In 1839, the revolt of Mende captives aboard a Spanish owned ship causes a major controversy in the United States when the ship is captured off the coast of Long Island. The courts must decide whether the Mende are slaves or legally free.
After Black September's assassination of Israeli athletes at the Munich Olympics in 1972, Prime Minister Golda Meir okays a black-box operation to hunt down and kill all involved. A team of five gathers in Switzerland led by Avner, a low-level Mossad techie whose father was a war hero and whose wife is pregnant. It's an expendable team, but relying on paid informants, they track and kill several in Europe and Lebanon. They must constantly look over their shoulders for the CIA, KGB, PLO, and their own sources. As the body count mounts -- with retribution following retribution -- so do questions, doubts, and sleepless nights. Loyalties blur. What does it mean to be a Jew? Written by
The film crews called the shooting of the movie as a "race against the clock". In order to have the film ready by Christmas for Academy Awards consideration, Steven Spielberg and Editor Michael Kahn devised an editing schedule in which: 1) All of the scenes in Malta and Hungary shot in twelve weeks were edited on the spot. Each day, Spielberg would review an edited scene shot two days earlier. 2) Two copies of the edited scene were sent out, one to John Williams for music and the other to Ben Burtt for sound effects. 3) The Paris and New York City scenes were edited two weeks after photography, and the final cut was readied after another two weeks. See more »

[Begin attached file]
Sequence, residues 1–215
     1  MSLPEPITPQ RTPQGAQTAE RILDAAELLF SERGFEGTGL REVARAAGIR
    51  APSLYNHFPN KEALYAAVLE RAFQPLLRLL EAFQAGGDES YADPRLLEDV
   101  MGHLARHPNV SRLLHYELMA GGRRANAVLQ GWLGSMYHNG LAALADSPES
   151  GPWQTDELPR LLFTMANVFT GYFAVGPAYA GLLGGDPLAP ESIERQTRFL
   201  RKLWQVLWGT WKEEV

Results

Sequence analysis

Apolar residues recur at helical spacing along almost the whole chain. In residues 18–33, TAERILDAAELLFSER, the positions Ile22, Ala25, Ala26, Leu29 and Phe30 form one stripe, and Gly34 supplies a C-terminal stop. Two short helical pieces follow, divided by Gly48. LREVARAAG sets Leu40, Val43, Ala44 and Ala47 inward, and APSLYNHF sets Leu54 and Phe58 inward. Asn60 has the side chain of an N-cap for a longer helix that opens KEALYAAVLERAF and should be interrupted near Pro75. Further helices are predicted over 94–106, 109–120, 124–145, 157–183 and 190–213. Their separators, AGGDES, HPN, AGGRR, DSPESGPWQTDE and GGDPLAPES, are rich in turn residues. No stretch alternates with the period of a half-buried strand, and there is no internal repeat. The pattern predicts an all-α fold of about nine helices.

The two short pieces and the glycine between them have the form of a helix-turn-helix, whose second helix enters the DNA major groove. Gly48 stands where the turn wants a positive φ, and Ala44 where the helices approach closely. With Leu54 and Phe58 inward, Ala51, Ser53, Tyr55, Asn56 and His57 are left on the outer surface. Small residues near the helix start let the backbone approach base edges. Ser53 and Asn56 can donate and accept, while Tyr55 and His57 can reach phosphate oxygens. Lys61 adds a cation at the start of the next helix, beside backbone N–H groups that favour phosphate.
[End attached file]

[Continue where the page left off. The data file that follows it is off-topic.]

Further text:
The black Mercedes W114 230.6 used by the KGB agents during the Greece assassination scene is patched together to make it more "historic." The front doors were made to look like a Series 1 model, with divided side windows, made prior August 1973. The side mirror was removed completely. The rest of the car is clearly a Series 2 (post August 1973), including the model designation 230.6 itself (it should read just "230", the two different models 230.4 and 230.6 co-existed after August 1973). See more »
Steven Spielberg has absolutely everything at his disposal, he can make an epic in no time at all. But, even he must know that films, most films have a soul and that can't be rushed. Why the need to rush this film into screens? For Oscar consideration? If there was a film that needed nurturing and thought was this one. The length is a flaw in itself. It makes it appear self indulgent and, quite frankly,annoying. If one could, and one should, put that aside, "Munich" is a remarkable experience. Tony Kushner and Eric Roth deal with people in all its complexity - a welcome new detail in a Spielberg film - and that gives "Munich" its most powerful aspect. Eric Bana is extraordinary and the humanity of his gaze is confusing and recognizable at the same time. His crying at hearing his child's voice over the phone is as real as his hardness when he massacres his targets. The controversy raising after the first public screenings seems pre-fabricated by a marketing machine. The questioning of Bana's character and the appalling nature of revenge can't be controversial it's at the base of human nature. To call Spielberg "no friend of Israel" is as absurd as it is suspicious. No, this movie is a thriller, based on actual events, directed by the greatest craftsman of the last 30 years in a record amount of time. Go see it.
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